Præsidenten/The President (1919 Denmark 105 mins)
Prod Co: Nordisk Films Kompagni Dir, Art Dir: Carl Theodor Dreyer Scr: Carl Theodor Dreyer, based on the novel by Karl Emil Franzos Phot: Hans Vaagø
Cast: Halvard Hoff, Elith Pio, Carl Meyer, Olga Raphael-Linden, Betty Kirkebye, Richard Christensen
Carl Theodor Dreyer’s debut feature, The President, is probably his most aggressive and socially pointed work, attaining an astonishing maturity for a first film. It deals rebelliously and in an enraged fashion with several moral issues that probably bear some connection with Dreyer’s own alleged status, if one believes Maurice Drouzy’s book (1), as the son of an unwed mother (later adopted by a married couple). It was also a film deeply admired by Danièle Huillet & Jean-Marie Straub, whose early short, Machorka-Muff (1962), may well have been influenced by Dreyer’s film.
Of course, a long time has passed since 1919, and it might be said that the kind of melodramatic events depicted in the film – although not impossible somewhere – have become infrequent in such advanced countries as the Nordic ones. However, The President retains its force thanks to a spare stylistic approach to what could have become (but is never for an instant) a weepie. It is rather a very angry indictment of certain attitudes which Dreyer blatantly rejects and which, alas, are even now far from mere emanations from a distant past (as anyone familiar with some of the sentences passed by Spanish judges will be forced to acknowledge). Even in its immediate historical context it is a prescient film, and I cannot recall as thorough an indictment of the deeply seated ideological attitudes then seen as “normal” for prominent men appearing until Charles Chaplin’s A Woman of Paris four years later.
Of course, one can pinpoint in The President particular details which announce thematic, visual or dramatic elements deployed in Dreyer’s later films, which most people nowadays will have seen before they get to this one. These include a torch procession (Gertrud, 1964) and the appearance of the first of the many weak, mother-dominated male characters in his work (one thinks in particular of Martin in Day of Wrath, 1943) who betray the women they love (or who think they love until they have to choose).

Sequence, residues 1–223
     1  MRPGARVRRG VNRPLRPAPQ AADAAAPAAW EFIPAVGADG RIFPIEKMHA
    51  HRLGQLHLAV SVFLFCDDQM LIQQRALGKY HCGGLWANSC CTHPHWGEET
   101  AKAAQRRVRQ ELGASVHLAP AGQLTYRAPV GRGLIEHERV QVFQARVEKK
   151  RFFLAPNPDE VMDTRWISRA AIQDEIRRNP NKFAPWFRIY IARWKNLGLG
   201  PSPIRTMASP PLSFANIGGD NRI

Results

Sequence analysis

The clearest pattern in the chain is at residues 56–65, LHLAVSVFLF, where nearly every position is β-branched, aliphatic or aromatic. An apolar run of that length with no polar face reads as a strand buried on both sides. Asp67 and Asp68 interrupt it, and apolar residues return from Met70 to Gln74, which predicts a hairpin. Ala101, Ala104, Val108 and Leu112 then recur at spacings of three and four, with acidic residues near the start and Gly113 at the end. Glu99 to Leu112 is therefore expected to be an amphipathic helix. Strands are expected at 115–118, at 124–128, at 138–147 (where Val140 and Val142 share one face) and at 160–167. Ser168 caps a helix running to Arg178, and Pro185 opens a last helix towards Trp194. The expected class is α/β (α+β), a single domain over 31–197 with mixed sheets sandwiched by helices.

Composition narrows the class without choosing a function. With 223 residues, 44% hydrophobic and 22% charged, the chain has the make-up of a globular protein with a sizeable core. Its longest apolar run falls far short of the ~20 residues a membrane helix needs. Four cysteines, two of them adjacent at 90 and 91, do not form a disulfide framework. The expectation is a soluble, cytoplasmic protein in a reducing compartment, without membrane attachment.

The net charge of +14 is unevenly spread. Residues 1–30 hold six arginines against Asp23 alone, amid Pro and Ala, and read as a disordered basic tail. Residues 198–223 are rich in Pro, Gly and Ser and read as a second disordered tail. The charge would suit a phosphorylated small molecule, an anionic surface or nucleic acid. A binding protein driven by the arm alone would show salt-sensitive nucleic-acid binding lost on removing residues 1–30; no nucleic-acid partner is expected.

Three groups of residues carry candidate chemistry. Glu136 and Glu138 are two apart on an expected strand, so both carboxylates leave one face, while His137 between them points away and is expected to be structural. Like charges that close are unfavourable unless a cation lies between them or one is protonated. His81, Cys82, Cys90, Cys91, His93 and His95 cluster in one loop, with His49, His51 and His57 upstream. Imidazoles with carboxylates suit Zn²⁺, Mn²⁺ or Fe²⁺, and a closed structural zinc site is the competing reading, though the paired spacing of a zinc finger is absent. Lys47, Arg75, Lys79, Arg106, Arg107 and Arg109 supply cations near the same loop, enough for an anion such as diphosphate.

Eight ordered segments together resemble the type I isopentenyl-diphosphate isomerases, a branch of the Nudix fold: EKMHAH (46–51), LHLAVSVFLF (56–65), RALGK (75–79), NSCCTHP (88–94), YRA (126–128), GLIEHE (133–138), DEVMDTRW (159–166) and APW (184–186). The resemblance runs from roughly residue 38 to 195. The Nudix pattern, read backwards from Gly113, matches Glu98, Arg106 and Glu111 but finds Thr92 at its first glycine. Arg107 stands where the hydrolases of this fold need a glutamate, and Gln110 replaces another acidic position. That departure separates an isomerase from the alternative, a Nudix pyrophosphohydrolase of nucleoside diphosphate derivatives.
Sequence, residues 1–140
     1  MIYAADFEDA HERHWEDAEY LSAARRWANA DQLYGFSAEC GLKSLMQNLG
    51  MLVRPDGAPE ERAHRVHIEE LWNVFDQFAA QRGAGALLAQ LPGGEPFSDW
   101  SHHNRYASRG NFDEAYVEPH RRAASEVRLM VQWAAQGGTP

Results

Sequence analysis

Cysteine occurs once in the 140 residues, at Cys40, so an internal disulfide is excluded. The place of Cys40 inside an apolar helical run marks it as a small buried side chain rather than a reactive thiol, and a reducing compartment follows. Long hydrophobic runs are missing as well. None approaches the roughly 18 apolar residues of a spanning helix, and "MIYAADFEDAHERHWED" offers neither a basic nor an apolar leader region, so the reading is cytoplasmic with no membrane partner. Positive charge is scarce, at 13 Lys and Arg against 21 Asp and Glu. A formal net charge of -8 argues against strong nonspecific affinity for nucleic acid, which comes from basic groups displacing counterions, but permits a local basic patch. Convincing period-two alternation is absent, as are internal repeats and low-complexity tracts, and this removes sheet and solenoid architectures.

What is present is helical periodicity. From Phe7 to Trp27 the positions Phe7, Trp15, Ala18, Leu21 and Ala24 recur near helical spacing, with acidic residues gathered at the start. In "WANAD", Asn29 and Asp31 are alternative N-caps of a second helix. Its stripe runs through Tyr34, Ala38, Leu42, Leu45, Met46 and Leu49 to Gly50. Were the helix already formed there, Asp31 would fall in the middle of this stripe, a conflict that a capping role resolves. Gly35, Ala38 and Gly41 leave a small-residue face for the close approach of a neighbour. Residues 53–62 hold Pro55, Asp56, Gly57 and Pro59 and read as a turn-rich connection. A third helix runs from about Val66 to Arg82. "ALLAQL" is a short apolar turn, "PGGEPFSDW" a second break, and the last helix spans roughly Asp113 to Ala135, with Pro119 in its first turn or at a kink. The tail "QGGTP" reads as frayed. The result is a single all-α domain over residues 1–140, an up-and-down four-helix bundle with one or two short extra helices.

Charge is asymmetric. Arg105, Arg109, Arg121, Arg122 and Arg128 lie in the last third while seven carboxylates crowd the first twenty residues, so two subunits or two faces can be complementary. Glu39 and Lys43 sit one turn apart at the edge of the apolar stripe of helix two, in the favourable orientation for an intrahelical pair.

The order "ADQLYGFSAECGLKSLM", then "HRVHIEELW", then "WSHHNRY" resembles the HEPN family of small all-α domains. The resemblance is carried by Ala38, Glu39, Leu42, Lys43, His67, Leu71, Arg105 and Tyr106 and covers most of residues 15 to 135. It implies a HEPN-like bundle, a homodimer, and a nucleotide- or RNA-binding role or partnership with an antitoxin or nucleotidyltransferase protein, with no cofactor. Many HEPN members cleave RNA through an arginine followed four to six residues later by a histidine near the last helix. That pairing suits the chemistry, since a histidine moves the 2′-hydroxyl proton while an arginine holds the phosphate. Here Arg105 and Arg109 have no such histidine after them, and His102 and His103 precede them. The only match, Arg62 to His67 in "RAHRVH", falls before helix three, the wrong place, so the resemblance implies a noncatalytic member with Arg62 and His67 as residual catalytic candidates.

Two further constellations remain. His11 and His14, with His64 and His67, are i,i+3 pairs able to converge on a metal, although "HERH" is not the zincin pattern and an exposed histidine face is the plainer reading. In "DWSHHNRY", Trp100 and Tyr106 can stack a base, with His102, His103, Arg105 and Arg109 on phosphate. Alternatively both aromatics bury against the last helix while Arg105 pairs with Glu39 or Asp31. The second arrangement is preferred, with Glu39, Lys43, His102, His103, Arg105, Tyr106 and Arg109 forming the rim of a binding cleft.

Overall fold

Strangely, this is not a film that gains much by being watched from an auteurist standpoint (and it will probably now only be shown in a retrospective showing of Dreyer’s work, with few other opportunities emerging for the screening of a 1919 film that lacks the status of “a classic”). This screening context will prompt most spectators to scan its images in search of “Dreyerian” or “Dreyerish” shots, and perhaps themes, thereby not really paying thorough enough attention to the film itself, which is far more interesting as a Danish film made in 1919 than as the start of a very great filmmaker’s career. Compared to Ordet (1955) or Gertrud, The President looks tentative, awkward, crude and primitive. To see it either in isolation, or as part of a cycle of films from several European countries made in 1919 provides the proper context. Such an approach will also probably be far more revealing, surprising and satisfying.
As the film itself suggests to the viewer, by initially showing an old book being opened and its pages turned respectfully, and a swift Google search also confirms, The President presents itself as a respectful adaptation of a now forgotten, but in 1919 still-popular novel, Der President (1884), written by the German-language Austro-Hungarian author Karl Emil Franzos (1848-1904). As one might suspect from the immediate onscreen presence of a seven-armed candelabra, the book was of Jewish origin and mostly concerns the author’s people’s predicament in Germany and Austria. This detail may lead the viewer to suspect that the injunction to “never marry a commoner” uttered by the dying patriarch, Franz Victor von Sendlingen, and to which he makes his son swear, might have had an additional racial bias in the source that is either silenced or merely insinuated in the film. On the other hand, that the book was not a dime-novel may explain the rather laborious narrative structure of the film, which covers three generations of von Snelingens and their respective “reckless” love affairs. These affairs are revealed via two flashbacks – where one character tells another his secret plus a couple more verbal confessions – devices that seem to have bothered the young Dreyer enough for him to avoid them as much as possible in the future.
However, I wonder if anyone innocently confronted by The President (i.e. without knowing even the name of its director) would have ventured to guess that it was a first film, the work of a newcomer to the trade, since everything in it seems quietly and maturely controlled, and without formalist (even when playing with shadows on a wall in a fashion that pre-empts La Passion de Jeanne d’Arc, 1928, and Vampyr, 1932) or performative excesses (not even at the most tragic, repentant or anguished moments). The film’s narrative also quite assuredly and fluently unfolds in complex, balanced and well-composed shots (and often enough in deep focus, foreshadowing the stylistic principles deployed in only the very last Dreyer films). His treatment of landscape will also be familiar to anyone who has previously seen Glomsdalbruden/The Bride of Glomdal (1925) or Day of Wrath. In fact, considering that Dreyer’s style changed more spectacularly and more often across the course of his career – often strikingly so from one film to the next in only a couple of years – than even such great directors as Jean Renoir, Roberto Rossellini or Jean-Luc Godard, it is surprising how many of The President’s details and devices foreshadow things in one or another of virtually all of the director’s subsequent films.